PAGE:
Friday, 7 August 2009

Beer code update

Here are more details of the Fullers beer code beers.

Look at the different water treatments. What does that tell us? Why are some beers dry-hopped and others not? (This is getting to sound like a BHCP exam paper.) You brewers can probably explain it better than me.

The X grists caught my eye. Amber and crystal.

Tell me if you can spot any patterns.


IPA 13th April 1887
all gypsum liquor
39 pale malt
12 sugar
Kent hops
GK hops
Hopped down on Tuesday April 26th with Marton's E. Kent
1886 hops, att 6.5, Heat of store 52, bright and of good colour & flavour


X 15th April 1887
22 PA malt
can't see any water treatment
12 amber
5 crystal
13 sugar
Kent hops
GK hops
1/2 Pumped over Thursday 21st April Att 4.9
& remainder Friday evening Broke in 10 barrels Vat beer
4 barrels Porter & 2 barrels T.B.


XXK for vatting 19th April 1887
all soft liquor run over gypsum
64 pale malt
2 crystal
22 sugar
Worcester hops
GK hops
Poperinge hops
Pumped over into bottling batch Tuesday Morning 26th April
and run into No. 13 vat next day



AK 21st April 1887
all soft liquor run over gypsum
32 pale malt
10 sugar
Worcester hops
GK hops
Hopped down on Tuesday May 3rd with Atkinson's Worcester 1886
hops, att. 5.1, Heat of store 51, bright and of good colour and flavour


X and XX 23rd April 1887
22 PA malt
all soft liquor
30 amber
13 sugar
Worcester hops
GK hops
XX
Hopped down on Wednesday May 4th with Atkinson's Worcester 1886
hops, att. 8.4, Heat of store 49.5, bright and of good colour and flavour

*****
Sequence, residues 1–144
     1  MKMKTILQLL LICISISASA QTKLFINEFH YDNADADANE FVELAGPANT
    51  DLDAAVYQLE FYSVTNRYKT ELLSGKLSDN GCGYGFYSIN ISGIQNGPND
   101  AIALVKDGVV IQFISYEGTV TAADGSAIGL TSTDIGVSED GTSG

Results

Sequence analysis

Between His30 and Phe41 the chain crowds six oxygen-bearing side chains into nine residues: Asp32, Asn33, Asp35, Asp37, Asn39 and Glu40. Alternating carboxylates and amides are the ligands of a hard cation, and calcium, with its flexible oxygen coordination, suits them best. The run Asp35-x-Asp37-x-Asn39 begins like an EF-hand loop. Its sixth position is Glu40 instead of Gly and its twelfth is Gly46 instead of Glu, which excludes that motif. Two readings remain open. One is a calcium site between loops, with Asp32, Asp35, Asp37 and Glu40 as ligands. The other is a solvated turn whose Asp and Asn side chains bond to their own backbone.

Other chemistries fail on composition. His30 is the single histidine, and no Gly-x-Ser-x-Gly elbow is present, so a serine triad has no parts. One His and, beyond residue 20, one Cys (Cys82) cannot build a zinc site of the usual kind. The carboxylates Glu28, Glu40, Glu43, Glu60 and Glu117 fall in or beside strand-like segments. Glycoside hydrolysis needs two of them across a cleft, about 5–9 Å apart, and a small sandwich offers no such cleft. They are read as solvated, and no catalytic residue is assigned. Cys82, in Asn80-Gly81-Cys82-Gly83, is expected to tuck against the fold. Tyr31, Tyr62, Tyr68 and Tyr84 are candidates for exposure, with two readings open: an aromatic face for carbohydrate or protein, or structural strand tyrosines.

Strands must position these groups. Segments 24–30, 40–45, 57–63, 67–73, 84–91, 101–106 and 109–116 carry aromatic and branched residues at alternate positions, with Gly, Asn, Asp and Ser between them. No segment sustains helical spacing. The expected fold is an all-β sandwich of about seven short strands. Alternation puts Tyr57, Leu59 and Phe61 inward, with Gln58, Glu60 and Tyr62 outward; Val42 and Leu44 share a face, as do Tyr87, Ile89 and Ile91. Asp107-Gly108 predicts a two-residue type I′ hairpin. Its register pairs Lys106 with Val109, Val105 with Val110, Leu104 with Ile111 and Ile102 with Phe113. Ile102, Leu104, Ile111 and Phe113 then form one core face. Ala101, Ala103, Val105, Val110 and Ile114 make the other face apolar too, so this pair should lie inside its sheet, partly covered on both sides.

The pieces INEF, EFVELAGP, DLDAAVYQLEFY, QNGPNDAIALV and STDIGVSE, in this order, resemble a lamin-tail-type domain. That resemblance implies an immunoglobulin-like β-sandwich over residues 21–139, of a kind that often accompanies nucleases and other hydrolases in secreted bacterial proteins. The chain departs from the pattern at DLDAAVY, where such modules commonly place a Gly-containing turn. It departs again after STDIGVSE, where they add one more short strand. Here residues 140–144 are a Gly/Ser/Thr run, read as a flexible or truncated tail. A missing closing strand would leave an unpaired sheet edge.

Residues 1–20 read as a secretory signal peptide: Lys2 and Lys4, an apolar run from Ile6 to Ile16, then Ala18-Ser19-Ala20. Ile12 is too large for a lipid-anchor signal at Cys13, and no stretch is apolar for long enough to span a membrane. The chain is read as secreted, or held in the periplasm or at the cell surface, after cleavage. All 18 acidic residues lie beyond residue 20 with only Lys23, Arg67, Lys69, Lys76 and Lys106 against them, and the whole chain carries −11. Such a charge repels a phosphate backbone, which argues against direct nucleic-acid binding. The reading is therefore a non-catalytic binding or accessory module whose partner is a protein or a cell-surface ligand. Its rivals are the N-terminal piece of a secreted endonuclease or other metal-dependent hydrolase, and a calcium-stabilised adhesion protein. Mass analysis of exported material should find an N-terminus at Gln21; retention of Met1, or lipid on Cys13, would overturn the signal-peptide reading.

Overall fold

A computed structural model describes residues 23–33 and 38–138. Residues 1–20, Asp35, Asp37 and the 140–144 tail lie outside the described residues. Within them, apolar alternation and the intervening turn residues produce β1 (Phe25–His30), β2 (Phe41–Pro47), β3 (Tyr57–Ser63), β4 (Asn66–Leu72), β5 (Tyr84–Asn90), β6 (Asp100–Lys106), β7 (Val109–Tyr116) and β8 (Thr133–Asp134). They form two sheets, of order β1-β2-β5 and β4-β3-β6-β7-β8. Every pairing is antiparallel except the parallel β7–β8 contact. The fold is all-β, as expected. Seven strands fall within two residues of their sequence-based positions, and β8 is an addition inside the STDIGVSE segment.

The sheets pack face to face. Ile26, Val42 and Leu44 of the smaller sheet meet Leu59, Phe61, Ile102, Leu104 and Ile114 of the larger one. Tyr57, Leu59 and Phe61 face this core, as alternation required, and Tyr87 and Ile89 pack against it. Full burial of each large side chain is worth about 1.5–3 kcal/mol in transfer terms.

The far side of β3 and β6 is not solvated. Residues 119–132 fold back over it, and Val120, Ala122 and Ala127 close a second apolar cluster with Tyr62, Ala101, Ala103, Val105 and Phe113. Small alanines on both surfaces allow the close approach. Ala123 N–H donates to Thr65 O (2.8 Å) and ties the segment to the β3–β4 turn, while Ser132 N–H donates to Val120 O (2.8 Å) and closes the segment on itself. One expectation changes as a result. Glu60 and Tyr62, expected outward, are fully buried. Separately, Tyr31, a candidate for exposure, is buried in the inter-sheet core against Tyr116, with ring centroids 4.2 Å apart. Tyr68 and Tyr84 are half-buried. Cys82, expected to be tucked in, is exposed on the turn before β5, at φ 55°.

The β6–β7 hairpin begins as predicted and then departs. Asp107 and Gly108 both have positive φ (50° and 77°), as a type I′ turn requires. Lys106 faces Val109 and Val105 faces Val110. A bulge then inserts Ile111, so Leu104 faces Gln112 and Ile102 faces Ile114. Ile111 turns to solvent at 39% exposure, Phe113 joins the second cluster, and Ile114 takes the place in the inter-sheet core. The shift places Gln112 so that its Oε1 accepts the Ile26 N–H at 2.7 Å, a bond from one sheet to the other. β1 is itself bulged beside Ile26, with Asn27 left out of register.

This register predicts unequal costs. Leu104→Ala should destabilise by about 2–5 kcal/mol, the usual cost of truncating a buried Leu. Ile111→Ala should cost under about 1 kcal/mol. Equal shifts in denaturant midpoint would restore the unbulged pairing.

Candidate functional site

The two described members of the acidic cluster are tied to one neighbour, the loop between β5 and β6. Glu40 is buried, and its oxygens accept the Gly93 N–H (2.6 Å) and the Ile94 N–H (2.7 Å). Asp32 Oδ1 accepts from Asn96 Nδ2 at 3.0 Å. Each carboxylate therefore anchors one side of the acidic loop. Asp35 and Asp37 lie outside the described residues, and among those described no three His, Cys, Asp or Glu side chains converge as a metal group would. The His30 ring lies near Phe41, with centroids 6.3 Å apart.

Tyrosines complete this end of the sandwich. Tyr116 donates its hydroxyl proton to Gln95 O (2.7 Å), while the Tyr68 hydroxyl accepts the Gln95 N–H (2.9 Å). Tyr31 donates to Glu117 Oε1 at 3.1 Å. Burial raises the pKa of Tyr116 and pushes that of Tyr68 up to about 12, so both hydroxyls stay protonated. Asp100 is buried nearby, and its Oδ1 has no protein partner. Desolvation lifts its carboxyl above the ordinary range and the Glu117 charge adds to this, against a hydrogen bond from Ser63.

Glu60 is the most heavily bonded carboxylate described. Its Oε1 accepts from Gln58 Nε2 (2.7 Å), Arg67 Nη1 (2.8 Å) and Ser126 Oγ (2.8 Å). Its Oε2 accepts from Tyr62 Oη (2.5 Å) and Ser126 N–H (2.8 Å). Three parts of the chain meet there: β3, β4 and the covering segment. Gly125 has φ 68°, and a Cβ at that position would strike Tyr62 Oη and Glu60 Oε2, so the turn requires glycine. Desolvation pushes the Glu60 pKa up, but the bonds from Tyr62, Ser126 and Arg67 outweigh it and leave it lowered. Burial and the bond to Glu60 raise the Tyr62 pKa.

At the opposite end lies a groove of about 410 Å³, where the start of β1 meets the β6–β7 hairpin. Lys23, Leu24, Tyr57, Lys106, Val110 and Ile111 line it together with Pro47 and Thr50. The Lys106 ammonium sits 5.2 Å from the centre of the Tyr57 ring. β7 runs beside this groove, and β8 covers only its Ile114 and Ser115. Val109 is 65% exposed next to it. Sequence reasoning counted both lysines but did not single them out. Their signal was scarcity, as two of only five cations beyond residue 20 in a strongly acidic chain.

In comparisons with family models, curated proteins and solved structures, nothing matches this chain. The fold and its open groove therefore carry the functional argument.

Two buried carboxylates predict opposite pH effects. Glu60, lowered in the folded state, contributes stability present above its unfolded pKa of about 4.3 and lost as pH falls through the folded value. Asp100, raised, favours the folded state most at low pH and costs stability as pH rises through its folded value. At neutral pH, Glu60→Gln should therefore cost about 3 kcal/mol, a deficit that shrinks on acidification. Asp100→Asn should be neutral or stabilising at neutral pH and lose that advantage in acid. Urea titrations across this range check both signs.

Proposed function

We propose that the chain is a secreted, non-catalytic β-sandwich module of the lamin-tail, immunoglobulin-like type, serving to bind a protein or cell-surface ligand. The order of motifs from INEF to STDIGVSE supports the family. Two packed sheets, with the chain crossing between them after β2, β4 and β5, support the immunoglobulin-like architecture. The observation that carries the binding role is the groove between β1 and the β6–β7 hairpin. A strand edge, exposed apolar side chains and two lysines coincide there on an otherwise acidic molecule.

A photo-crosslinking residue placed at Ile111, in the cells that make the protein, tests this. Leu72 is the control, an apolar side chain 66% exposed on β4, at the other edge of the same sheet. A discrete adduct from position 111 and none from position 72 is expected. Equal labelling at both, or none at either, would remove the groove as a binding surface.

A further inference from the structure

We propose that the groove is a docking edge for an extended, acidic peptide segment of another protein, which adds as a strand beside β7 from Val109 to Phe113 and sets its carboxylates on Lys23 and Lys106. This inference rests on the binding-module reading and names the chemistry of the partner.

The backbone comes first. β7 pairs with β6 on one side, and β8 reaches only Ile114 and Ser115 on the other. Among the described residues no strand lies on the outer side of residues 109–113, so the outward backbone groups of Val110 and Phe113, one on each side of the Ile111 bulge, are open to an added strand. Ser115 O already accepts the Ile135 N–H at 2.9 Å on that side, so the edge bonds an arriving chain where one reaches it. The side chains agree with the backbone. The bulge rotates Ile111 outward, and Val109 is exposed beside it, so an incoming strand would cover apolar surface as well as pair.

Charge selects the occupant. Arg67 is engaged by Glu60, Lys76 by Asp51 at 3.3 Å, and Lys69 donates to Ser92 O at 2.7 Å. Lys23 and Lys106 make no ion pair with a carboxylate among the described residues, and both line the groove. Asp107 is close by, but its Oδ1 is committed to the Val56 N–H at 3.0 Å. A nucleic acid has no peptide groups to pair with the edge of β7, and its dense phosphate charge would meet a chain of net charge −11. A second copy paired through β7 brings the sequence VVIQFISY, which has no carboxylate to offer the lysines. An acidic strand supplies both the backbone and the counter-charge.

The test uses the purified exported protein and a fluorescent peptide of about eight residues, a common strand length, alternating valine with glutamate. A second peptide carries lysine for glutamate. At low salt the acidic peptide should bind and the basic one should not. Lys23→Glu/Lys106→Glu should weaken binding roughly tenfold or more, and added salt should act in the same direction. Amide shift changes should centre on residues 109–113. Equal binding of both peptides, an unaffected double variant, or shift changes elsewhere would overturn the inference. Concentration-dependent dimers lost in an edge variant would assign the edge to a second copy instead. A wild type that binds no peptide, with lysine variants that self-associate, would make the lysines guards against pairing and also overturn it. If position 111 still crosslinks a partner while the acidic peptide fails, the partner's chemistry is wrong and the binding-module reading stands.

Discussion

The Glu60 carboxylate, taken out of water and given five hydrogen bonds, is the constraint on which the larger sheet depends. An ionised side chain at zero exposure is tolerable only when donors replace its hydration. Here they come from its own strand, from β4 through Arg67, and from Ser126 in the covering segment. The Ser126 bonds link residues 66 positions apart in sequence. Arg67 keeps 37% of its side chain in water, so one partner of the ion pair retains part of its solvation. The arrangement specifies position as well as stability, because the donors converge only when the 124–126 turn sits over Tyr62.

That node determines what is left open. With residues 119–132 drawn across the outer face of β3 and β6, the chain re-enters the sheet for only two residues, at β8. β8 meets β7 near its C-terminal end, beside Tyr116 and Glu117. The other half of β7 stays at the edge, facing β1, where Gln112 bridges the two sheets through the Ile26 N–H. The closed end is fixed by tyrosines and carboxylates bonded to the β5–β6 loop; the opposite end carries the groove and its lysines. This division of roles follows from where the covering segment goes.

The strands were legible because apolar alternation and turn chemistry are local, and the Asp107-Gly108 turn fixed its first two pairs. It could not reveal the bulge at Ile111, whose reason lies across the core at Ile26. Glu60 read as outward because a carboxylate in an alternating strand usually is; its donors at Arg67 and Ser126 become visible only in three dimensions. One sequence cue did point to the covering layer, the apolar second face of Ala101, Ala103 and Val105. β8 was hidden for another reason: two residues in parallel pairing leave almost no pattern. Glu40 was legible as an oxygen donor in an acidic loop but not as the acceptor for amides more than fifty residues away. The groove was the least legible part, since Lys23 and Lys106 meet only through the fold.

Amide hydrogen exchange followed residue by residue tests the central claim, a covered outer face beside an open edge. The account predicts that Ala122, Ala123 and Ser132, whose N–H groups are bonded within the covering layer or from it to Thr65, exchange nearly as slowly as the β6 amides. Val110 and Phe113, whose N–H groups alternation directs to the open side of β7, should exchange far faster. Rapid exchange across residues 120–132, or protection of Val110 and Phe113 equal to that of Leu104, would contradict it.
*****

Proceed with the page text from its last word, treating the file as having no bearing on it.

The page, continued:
XKK 4th May 1887
all gypsum liquor
28 pale malt Chilean
9 sugar
Worcester hops
GK hops
Hopped down on Tuesday May 17th with Marton's EK 1886
hops, att. 5.5, Heat of store 55, bright and of good colour and flavour


XK and AK 8th August 1887
all gypsum liquor
28 pale malt Chilean
6 sugar
Worcester hops
GK hops
XK
Hopped down on Saturday Aug 20th with Worcester 1886 hops,
att. 5.8, Heat of store 63, bright and of good colour and flavour
AK
Hopped down on Aug 20th with Worcester 1886 hops,
att. 5.3, bright and of good colour and flavour

7 comments:

Gary Gillman said...

All the beers with K in them, and IPA, are treated with gypsum for their liquor. This is to harden the water and achieve a Burton-like effect. Also, all their grists are pale malt or mostly. Classic pale ale.

The beers just with X in them use soft water, they aren't pale ale. They won't be hopped as much as the corresponding K beer in strength.

All the K beers get a period of warm conditioning, probably less than in earlier decades, but reflecting their origin in the season brewing tradition. Even the XX gets some store time - not the X though - but the period appears somewhat shorter than for the K beers.

Some of the X beer appears to have been mixed with some aged porter and table beer, no doubt to form a balanced-palate porter for the trade since the grists are darker than was formerly the case for X beers. Maybe this is why some people say that porter ended up being dark mild, maybe dark mild was made originally to vat with aged porter (true porter using some brown malt), and ended as a style unto itself.